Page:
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He does seem to confuse the attitude of [Boom] with [X], since Boomers were the ones protesting for peace for so many years. Gen X didn’t protest for (or against) anything.
But there is another aspect to the green attitude of [Mill] which is their tendency towards group think. Millennials are excellent at teamwork and collectivism, but they are also subject to over-simplifying problems. In this way they are very similar to the [GI] who overcame the Axis in WWII. That generation also had a severe case of group think which became more obvious after the war when they put together the shallow “American Dream” which their Boomer kids later rebelled against.
I believe “green” will be held by the Millennials (aka Gen Y) in the same way as the American Dream was held by the GI’s: as a shallow ideal that their kids will eventually rebel against. For example, I can see that 30 years from now everyone will have a “carbon counter” on their phone, house, whatever, and they will measure their status by the number on that device. But, as their kids will probably point out, they won’t be any more connected to mother nature. And so the cycle continues.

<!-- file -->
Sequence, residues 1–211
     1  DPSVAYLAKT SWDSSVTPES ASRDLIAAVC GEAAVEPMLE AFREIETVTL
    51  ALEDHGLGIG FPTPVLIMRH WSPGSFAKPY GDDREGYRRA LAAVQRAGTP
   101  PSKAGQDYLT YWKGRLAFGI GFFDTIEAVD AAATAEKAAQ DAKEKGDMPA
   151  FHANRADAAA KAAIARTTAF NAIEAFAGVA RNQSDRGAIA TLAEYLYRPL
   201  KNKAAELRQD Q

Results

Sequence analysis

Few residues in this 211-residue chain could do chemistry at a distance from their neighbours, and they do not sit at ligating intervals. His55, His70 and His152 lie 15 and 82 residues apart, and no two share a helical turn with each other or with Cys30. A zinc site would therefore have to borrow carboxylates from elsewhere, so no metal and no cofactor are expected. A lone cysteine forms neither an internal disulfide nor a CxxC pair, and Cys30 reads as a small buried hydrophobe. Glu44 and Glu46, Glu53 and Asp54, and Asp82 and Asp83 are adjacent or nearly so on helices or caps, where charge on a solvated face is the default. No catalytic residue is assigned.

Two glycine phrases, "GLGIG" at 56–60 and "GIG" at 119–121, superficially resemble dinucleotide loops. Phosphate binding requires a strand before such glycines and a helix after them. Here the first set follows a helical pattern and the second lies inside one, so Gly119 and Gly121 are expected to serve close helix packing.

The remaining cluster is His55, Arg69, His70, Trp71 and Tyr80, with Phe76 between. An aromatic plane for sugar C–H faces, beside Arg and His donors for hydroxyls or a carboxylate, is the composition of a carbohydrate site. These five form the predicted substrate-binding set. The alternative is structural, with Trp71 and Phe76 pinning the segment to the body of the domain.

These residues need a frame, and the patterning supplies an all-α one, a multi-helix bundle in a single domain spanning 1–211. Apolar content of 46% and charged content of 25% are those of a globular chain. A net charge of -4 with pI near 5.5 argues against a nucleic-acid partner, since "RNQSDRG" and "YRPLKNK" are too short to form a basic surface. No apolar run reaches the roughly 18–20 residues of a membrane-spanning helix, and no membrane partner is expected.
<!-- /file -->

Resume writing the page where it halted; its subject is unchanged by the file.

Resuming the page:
This recent article about a Volvo experiment with “CO2 pedometers” is a forerunner to this concept. I picture CO2 emission counters being used in daily life, either on a cell phone or attached to your house/car/children. Your CO2 count will be a measure of your social conscience just like a well-manicured lawn was back in the 1950’s. But, just like those 50’s ideals, it will be a thin veneer that will eventually be challenged by the next Prophet generation (the kids of the Millennials). I can hear them saying, “Okay, Mom, your carbon count is tiny but where is your connection to Mother Earth? When is the last time you actually rolled in the dirt?”). The more things change…